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6 Tips for Preparing Your Student to Go Back to School

Girl with backpack going back to school

Key takeaways:

  • Parents can prepare for the coming school year by teaching children to adapt to new routines, understand potentially risky social interactions, and cope with worries and anxiety. 
  • The goal for school systems throughout the U.S. is for classrooms to be open to all students for full-time, in-person instruction; some may continue to offer a virtual option for students and families who prefer it.
  • Teaching children to be aware of and responsible for their health and safety is an important way parents can prepare them for the return to the classroom.
  • While ambiguity surrounds back-to-school 2021, parents should promote positivity with an open line of communication and transparency. 
     

Parents have much more than a school supply list to prepare for this fall. COVID-19 is still a concern for many. There are several issues to navigate – some older students are fully vaccinated, all younger students are not, and school districts across the country are getting ready for the return of in-person learning.  

With COVID still an issue across the world, returning to class may bring ambiguity. The past year was turbulent and difficult for many students. That being said, there are several ways parents can prepare their children for the classroom to make going back a rewarding, positive experience. In this blog we suggest how to begin a routine, talk to your kids about their anxiety, and more. 

 

Start preparing them to go back to school now

The new school year will be here before you know it. Begin talking with your young learner about the prospect of returning to school and revisit the conversation through the rest of the summer. Keep him or her abreast of any updates on school policy changes due to COVID. American Heritage Schools are committed to the health and safety of our students and faculty and we take several steps to ensure our community is safe, including sanitation and following health protocols.

Answer questions your student has and empathize with his or her conflicting feelings. Make sure the lines of communication are open and understand the confusion that your child might be feeling. 

Make sure you adjust these conversations according to age. Many of the fundamental guidelines will be the same but older children comprehend more important details and may be a bigger part of the decision-making process. Ultimately, regardless of age, let your child know that you will keep him or her safe and will make the right decisions.

 

Be transparent and honest 

Kids know when adults are not being truthful with them so make sure to have authentic engagements during this confusing and anxious time. Even if you cannot take away the uncertainty of what the new school year will be like, do not disguise it. Ask open-ended questions about your child’s feelings that require more than one-word answers.  

 

Start a routine

Begin to reintroduce school preparation routines. Start sending your child to bed earlier and have your child wake up at the time he or she would get up for school. Make sure your child eats and completes a hygiene routine every morning and night at a proper time. Keep consistency and structure within the family unit regardless of the uncertainty that the new school year brings. Sit down at mealtime as a family and talk about your child’s expectations, worries, and/or excitement for the new academic year.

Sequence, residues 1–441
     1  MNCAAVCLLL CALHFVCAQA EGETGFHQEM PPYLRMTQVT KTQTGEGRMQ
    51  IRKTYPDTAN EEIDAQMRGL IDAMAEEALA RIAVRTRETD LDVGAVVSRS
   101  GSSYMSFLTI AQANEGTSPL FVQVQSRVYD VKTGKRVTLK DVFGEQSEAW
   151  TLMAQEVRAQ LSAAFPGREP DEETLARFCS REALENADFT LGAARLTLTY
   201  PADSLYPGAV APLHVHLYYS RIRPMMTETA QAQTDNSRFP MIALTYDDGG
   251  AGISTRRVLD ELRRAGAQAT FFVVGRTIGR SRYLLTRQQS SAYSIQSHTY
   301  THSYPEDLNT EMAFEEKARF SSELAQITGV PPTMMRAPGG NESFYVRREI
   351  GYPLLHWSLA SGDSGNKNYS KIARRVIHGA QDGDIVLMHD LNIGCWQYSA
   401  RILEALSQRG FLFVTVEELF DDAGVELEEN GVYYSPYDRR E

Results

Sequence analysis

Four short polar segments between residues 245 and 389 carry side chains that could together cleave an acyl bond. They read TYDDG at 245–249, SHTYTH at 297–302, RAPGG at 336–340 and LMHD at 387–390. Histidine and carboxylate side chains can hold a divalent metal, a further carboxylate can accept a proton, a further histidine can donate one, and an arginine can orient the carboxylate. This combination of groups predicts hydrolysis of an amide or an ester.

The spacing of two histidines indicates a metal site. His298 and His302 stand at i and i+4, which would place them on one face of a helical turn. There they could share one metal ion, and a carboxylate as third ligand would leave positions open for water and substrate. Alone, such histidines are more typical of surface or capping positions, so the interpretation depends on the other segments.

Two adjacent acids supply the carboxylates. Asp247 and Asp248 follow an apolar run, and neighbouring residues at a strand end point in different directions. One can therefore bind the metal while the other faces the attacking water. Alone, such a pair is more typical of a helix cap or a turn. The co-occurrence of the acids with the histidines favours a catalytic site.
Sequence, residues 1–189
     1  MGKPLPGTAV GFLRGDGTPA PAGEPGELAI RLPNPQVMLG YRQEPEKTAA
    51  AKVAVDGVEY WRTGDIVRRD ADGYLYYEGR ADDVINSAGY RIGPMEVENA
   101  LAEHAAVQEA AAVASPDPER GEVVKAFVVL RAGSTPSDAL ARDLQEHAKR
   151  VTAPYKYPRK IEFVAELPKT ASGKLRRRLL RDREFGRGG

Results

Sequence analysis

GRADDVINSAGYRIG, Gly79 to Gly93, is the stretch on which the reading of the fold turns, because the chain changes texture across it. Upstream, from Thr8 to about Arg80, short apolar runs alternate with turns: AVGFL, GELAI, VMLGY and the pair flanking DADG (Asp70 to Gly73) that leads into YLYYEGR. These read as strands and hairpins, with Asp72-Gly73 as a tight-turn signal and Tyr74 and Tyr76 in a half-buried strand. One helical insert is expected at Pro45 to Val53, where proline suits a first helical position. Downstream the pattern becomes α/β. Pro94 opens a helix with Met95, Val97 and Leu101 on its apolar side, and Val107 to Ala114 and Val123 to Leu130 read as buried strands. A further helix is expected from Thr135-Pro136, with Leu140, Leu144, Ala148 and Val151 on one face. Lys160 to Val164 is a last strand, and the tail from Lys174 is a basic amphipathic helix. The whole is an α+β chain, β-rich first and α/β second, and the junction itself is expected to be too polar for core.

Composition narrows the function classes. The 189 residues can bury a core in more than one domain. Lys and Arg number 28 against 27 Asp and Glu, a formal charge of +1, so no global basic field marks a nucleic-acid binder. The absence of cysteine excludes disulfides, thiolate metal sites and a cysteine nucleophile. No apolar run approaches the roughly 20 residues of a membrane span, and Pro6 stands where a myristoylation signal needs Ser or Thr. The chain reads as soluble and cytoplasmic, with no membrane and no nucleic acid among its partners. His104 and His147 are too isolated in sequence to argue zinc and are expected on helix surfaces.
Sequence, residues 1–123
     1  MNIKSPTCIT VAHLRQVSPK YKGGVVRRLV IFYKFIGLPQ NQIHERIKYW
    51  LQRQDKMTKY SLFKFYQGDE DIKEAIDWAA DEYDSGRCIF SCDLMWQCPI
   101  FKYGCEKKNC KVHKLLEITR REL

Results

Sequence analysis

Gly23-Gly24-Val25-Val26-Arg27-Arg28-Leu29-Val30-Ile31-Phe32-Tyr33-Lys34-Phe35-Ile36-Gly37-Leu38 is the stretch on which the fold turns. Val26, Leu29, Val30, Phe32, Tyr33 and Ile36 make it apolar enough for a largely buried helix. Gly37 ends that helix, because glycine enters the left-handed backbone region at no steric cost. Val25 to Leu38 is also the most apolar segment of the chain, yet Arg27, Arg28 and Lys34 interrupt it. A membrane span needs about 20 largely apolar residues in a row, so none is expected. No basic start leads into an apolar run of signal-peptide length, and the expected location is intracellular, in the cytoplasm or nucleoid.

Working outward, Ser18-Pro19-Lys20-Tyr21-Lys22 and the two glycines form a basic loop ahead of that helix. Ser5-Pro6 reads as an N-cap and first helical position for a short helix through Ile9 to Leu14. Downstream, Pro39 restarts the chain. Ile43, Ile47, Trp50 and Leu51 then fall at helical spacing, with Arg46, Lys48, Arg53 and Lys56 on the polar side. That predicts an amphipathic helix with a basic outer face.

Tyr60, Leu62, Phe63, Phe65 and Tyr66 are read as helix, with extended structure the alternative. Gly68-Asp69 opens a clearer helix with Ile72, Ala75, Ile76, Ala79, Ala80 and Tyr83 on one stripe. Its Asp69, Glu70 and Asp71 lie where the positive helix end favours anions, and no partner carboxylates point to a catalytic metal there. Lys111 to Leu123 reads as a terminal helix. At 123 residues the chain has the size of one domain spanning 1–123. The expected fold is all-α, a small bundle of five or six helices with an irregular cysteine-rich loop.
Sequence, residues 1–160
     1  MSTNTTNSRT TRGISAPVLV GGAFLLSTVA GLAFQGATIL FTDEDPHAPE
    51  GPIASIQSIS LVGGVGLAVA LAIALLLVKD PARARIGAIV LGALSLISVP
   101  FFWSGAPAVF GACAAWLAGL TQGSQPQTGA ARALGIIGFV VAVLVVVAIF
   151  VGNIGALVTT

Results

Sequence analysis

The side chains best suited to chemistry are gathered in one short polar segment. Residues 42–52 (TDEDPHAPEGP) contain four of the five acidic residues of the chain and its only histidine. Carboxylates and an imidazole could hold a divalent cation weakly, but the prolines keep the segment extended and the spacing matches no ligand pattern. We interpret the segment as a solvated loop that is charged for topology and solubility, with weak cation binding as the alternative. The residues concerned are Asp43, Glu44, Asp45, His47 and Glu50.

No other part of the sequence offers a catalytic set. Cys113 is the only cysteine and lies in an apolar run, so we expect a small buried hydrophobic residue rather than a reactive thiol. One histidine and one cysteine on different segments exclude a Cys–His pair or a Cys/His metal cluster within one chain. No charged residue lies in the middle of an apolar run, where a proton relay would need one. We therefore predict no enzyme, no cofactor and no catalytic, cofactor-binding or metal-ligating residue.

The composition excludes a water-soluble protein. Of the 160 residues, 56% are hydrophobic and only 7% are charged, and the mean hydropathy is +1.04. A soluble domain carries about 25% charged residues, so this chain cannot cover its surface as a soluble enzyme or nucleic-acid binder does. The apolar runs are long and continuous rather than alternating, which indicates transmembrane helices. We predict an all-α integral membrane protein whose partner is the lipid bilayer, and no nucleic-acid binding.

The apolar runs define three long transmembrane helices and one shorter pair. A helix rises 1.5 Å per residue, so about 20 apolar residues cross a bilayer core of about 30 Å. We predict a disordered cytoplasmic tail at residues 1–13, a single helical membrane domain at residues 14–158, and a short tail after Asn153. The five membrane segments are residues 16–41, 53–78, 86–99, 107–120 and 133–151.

Wake up your student’s brain

Encourage your child to read and complete summer assignments. The Florida Department of Education provides several resources to support students. Build confidence in your child’s academic ability. Summer reading and learning exercises help children grow in their knowledge and critical thinking skills for the coming year.

 

Realize anxiety about returning to school is common

This school year will continue to demand that educators and families work together to support learning and provide important services. It’s important to emphasize and model healthy behaviors at home and to talk to your child about preventative safety measures at school. 

Also, be flexible and prepare for change. Even if your child starts the school year with in-person learning, it could move to virtual if school closes or if your child becomes exposed to COVID-19 and needs to stay at home.  

While there is still some uncertainty about the upcoming academic year, you can prepare your child and allow him or her to express concerns. Let your child know there may still be masks, distance between friends, dividers, and different lunches. The more you can prepare the better. 

 

Don’t forget traditional back-to-school concerns

With the continued concerns and preparation surrounding COVID safety, it’s easy to overlook kids’ traditional fears about starting a new school for the first time, moving up a grade, having new teachers, and/or social circles. Back-to-school season is traditionally a time of mixed emotions – sadness or anger that the summer is over, excitement to see friends and teachers after months away, and nervousness to perform well academically. 

These emotions may be heightened during this time. Empathize with your student’s anxiety but stay positive and reaffirming about the new school year. Take your child with you to pick new school supplies to help get excited about the new school year. 

It’s difficult to gauge exactly what the classroom will look like when school starts. If you lay the groundwork now for a return to school, it will be much easier to keep a positive, flexible mindset. Children must be brought out of the pandemic in a healthy and supportive way. 

For information on our summer education offerings, contact us today.